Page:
Auckland Museum - Tamaki Paenga Hira awarded Enviro Gold by Qualmark

Auckland War Memorial Museum has added to its collections with the largest 'exhibition' of micro-inverter solar panels in the country.

Auckland Museum - Tamaki Paenga Hira. Photo: Auckland Museum
Although not on display to the public, 189 solar panels housed on the Museum roof, are now generating enough power each day to light the exterior of the building by night thanks to a partnership with Meridian Energy.
The solar panel system is connected to the national electricity grid, however all the energy generated from the sun’s rays will be used onsite, reducing the Museum’s electricity bill and its carbon emissions footprint.
Auckland Museum Director, Roy Clare says: “I'm extremely proud the Museum has now added renewable energy to its sustainability efforts, and thank our partner Meridian for their help in making this happen. It means every dollar not spent on energy usage can be spent connecting our collections and programmes with our visitors.
“Through our programmes onsite, online and beyond our walls we look forward to encouraging engaging discussions on the topic.”
The micro-inverter solar panels, held to the roof with weights which can withstand 200km/h winds, are located on the eastern and western side of the Museum roof and do not exceed the parapet height in order to ensure the heritage character of the iconic building remains. However, visitors will be able to see the solar panel system in action, including how much they are generating, from within the Museum building via a live monitoring screen, and online.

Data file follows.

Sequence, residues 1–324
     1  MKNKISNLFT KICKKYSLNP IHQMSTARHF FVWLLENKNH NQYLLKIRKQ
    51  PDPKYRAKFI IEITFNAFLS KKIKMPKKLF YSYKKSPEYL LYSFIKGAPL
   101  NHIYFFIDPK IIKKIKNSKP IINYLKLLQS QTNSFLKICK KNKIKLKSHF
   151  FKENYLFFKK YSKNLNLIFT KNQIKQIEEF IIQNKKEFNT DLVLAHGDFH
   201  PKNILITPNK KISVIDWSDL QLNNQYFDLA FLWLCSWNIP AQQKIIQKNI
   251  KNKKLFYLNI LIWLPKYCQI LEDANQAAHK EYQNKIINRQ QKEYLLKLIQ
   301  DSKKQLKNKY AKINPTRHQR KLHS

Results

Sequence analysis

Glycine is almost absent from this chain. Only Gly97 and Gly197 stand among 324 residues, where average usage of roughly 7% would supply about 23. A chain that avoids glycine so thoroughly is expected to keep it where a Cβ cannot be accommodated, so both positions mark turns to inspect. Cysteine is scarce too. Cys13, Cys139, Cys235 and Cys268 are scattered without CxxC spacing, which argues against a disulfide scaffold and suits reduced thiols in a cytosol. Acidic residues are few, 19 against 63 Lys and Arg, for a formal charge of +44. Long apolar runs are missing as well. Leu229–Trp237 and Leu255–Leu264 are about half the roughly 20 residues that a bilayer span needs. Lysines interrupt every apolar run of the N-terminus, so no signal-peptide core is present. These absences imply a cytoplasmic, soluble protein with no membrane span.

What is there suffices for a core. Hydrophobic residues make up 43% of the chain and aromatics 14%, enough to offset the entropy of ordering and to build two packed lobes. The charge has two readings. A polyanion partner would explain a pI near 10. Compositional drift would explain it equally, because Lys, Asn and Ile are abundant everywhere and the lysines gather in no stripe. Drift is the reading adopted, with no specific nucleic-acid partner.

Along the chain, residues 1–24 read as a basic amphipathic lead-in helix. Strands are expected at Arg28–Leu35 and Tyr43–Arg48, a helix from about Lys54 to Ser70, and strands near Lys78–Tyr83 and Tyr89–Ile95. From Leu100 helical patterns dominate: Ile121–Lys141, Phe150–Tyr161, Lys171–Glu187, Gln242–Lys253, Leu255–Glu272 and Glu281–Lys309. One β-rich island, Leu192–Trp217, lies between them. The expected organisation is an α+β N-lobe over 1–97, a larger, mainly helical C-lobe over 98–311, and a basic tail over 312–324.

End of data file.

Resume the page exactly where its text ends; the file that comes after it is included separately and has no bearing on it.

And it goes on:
Meridian Energy Retail General Manager, Alan McCauley, says Meridian is delighted to have been able to partner with its customer Auckland Museum on the solar installation. “Producing electricity from 100% renewable resources is the cornerstone of Meridian’s business and we’ve been fortunate enough to be able to share our expertise with the Museum.”
The amount of renewable energy generated by the solar panels will be equivalent to the power consumed by around eight average households, or approximately 60,000 kWh per annum. This will reduce the Museums’ associated carbon emissions by at least 10 tonnes per annum.
The museum's sustainability initiatives have been recognised by Qualmark with an Enviro Gold rating.